International Francophonie Day – #MyMarch20

By the Francophone Committee

On International Francophonie Day, the Francophone members of the Union of National Employees (UNE) want to tell you how the permanent Francophone Committee was created within our Union.

It was in 2008 at the National Component Convention in Toronto—today UNE—that this initiative began to take root in the minds of some Francophone members of our Union, following the bad treatment of one of Canada’s two officials languages. Two years went by before concrete actions were taken.

On Saturday, August 14, 2010 at the Human Rights Conference held in Saskatoon, further to the dissatisfaction of Francophone participants, it was agreed to gather some 15 members of the Union to address problematic situations and try to find fair and equitable solutions to them. Daniel Kinsella, the National President at the time, was invited to attend this meeting. This is how the first Francophone Committee meeting took place.

Some situations that occurred during this conference were deemed unacceptable and drove Francophones to act. Here are some examples:

– Once the French electronic registration to the Convention was completed, the computer program always redirected us to the English site;
– The Saskatoon Coop travel agency offered neither bilingual nor French services;
– The names of some Francophone participants were badly written on the pass identifier;
– The workshop facilitators were not bilingual. The supporting documents were only available in English;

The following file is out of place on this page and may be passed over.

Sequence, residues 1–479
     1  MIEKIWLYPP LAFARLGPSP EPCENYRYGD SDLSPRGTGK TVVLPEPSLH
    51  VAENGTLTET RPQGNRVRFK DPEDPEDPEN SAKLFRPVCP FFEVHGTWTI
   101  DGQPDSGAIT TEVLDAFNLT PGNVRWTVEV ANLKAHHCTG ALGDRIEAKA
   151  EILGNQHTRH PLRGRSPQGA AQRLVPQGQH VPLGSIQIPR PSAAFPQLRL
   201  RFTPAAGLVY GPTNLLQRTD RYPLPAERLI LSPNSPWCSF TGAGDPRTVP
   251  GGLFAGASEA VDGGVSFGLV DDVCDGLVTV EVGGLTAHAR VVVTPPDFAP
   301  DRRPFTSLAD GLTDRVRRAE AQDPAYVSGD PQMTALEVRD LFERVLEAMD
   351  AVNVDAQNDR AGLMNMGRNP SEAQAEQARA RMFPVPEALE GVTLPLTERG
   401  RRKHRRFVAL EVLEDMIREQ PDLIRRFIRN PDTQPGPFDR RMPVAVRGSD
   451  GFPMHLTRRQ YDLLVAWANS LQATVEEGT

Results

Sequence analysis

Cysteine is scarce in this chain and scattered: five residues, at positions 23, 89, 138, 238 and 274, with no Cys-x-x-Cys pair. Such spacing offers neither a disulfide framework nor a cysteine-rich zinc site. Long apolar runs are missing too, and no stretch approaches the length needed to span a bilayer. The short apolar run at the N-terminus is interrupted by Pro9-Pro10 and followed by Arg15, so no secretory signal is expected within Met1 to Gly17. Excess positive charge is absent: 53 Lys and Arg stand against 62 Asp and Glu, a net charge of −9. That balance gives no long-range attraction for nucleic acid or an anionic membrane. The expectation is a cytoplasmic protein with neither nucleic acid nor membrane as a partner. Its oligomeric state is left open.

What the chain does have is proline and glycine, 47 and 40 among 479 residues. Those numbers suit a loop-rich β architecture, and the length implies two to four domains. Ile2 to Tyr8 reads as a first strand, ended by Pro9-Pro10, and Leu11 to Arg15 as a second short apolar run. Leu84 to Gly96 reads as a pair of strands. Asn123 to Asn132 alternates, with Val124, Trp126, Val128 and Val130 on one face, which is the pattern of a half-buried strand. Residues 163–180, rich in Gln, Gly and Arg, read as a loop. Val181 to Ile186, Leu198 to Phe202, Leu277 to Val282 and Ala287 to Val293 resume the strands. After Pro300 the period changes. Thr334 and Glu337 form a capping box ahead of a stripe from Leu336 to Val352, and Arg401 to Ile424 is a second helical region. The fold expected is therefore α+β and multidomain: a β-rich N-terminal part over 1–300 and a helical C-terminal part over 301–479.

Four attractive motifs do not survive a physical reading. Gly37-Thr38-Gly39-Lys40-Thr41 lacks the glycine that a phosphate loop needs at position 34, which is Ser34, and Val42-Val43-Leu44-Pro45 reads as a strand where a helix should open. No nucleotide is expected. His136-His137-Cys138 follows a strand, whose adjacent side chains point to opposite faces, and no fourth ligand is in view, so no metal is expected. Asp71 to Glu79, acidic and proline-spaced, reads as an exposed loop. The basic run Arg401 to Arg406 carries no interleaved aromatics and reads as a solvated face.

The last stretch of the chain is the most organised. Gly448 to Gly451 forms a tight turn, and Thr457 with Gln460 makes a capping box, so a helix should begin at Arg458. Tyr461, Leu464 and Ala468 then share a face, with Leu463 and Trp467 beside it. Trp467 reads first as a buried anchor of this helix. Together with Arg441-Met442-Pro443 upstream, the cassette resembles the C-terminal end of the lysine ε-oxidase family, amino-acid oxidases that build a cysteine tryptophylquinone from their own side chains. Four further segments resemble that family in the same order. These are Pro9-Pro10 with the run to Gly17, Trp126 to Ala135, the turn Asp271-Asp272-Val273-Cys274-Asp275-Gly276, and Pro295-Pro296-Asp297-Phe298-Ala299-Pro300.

– During workshops, non-bilingual Francophones had to share the services of one single interpreter;
– The lack of simultaneous interpretation at the caucuses and elections;
– The journalist in charge of press was a unilingual Anglophone. When the person he would interview would answer in French, he would cut the conversation short and say “Sorry, I don’t speak French.”

Faced with these numerous findings, the first objective of the committee was to become a permanent committee that was an integral part of the Union’s structure. The National President gave his approval to this initiative.

This is how, during the 2011 National Convention in Saint-John, with the support of a resolution received from the floor of the Convention and adopted by the members present, the creation of UNE’s first permanent Francophone committee took place.

Since its creation, this committee has continued to promote and defend the use of the French language in the operations, activities and events of our Union, as well as everyday society. The major presence of UNE at the various demonstrations supporting Franco-Ontarians last fall—protesting the cuts in French services in Ontario by the Ford Government—illustrates this commitment.

The Committee ensures the representation of a Francophone member in the steering committees of every national conference and convention. A Montreal-based firm is also responsible for translating documents and makes sure that the translators are Francophones. The W.E. Travel, whose services have now been retained by UNE, offers its services in both official languages.

The Francophone Committee wants to thank the people who took the decision to create a Canada-wide Francophone Committee: Louise Patrice, Jean-Pierre Ouellet and Daniel Toutant, as well as the precious contribution of Georges St-Jean, Technical Advisor, and Nicole Clermont, for her administrative support, as well as the entire UNE team for the support and efforts made to make sure that services provided by our Union are done in both official languages of our country.

Happy Francophonie Day!

The Francophone Committee